Since the 2008 global economic crisis, historians have embraced the challenge of making visible the invisible hand of the market. This renewed interest in the politics of political economy makes it all the more timely to remind ourselves that debates over free trade and protection were just as controversial in the early United States as they have once again become, and that lobbying, then as now, played an important part in Lincoln's government "of the people, by the people, for the people."
In Lobbyists and the Making of US Tariff Policy, 18161861, Daniel Peart reveals how active lobbyists were in Washington throughout the antebellum era. He describes how they involved themselves at every stage of the making of tariff policy, from setting the congressional agenda, through the writing of legislation in committee, to the final vote. Considering policymaking as a process, Peart focuses on the importance of rules and timing, the critical roles played by individual lawmakers and lobbyists, and the high degree of uncertainty that characterized this formative period in American political development.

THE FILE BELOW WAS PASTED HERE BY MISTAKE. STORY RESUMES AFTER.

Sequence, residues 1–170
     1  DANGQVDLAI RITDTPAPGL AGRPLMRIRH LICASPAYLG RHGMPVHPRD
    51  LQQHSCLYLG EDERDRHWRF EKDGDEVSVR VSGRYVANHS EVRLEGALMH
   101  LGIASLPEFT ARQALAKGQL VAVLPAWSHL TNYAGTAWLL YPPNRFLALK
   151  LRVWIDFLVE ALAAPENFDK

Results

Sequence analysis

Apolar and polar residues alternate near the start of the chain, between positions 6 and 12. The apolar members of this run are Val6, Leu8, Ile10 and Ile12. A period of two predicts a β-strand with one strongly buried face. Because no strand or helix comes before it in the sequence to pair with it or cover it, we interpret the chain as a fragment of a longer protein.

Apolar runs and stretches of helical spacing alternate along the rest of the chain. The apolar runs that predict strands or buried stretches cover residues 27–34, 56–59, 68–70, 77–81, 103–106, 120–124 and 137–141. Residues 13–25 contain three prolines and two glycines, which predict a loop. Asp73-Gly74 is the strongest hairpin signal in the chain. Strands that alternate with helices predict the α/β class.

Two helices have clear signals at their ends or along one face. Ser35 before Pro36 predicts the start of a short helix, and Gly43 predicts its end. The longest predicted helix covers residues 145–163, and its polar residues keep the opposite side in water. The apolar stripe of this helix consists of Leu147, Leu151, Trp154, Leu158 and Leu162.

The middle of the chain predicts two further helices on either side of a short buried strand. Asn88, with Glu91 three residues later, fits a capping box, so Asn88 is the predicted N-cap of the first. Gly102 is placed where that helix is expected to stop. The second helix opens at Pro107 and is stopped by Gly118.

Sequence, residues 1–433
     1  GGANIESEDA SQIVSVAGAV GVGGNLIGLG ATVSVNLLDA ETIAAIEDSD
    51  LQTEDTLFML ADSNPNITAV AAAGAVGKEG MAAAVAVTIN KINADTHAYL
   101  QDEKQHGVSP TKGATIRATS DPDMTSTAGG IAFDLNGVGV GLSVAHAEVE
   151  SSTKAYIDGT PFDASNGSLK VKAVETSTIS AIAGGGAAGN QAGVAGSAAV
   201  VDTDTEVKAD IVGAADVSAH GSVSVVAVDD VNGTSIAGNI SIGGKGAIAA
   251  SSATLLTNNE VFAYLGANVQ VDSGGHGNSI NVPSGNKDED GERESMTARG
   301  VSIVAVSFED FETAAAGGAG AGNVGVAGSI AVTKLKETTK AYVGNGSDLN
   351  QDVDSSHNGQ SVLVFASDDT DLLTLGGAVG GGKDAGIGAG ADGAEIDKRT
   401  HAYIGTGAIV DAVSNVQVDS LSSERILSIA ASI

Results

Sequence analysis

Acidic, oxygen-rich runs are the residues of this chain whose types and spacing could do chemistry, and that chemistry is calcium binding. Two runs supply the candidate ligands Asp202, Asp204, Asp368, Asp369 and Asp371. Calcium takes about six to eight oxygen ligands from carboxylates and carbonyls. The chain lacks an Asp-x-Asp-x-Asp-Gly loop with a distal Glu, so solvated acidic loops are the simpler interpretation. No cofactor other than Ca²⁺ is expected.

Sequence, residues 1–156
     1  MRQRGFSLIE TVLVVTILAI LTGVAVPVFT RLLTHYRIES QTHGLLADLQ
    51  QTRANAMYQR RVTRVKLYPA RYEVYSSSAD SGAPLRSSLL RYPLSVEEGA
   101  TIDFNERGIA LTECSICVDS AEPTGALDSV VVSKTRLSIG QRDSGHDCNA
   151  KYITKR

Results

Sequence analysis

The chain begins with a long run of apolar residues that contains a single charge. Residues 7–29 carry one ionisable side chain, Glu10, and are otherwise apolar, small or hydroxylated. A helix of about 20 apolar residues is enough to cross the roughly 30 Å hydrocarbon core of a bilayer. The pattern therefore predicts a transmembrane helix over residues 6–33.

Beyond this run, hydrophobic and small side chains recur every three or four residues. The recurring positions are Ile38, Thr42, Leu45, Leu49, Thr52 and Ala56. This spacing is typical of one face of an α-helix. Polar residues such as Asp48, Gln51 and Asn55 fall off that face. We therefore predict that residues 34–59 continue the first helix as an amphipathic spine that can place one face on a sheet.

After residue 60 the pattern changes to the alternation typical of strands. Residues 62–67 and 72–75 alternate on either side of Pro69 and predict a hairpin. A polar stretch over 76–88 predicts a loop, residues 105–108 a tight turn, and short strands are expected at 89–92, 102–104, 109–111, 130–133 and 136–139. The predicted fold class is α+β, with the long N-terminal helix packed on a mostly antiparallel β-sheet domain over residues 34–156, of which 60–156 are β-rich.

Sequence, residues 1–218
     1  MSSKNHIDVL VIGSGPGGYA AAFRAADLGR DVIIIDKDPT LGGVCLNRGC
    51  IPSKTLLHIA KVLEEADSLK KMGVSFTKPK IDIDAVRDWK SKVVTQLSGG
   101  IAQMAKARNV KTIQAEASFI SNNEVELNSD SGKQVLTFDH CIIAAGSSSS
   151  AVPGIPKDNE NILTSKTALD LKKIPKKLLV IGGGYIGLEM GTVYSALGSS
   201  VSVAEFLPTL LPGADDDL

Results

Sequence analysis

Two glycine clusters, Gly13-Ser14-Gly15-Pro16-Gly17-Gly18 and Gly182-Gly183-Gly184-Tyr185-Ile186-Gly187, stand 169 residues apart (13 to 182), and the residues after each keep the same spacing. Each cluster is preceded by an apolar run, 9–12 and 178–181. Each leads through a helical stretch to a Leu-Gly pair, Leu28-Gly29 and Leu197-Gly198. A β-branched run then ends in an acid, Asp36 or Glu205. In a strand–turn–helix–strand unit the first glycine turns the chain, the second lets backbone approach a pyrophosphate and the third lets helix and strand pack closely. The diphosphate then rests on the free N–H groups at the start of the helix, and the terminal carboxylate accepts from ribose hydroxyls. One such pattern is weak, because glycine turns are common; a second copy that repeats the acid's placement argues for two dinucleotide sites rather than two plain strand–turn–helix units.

The debate about tariff policy, Peart explains, is an unbroken thread that runs throughout the pre–Civil War era, connecting disparate individuals and events and shaping the development of the United States in myriad ways. Duties levied on imports provided the federal government with the major part of its revenue from the ratification of the Constitution to the close of the nineteenth century. More controversially, they also offered protection to domestic producers against foreign competition, at the expense of increased costs for consumers and the risk of retaliation from international trade partners. Ultimately, this book uses the tariff issue to illustrate the critical role that lobbying played within the antebellum policymaking process.
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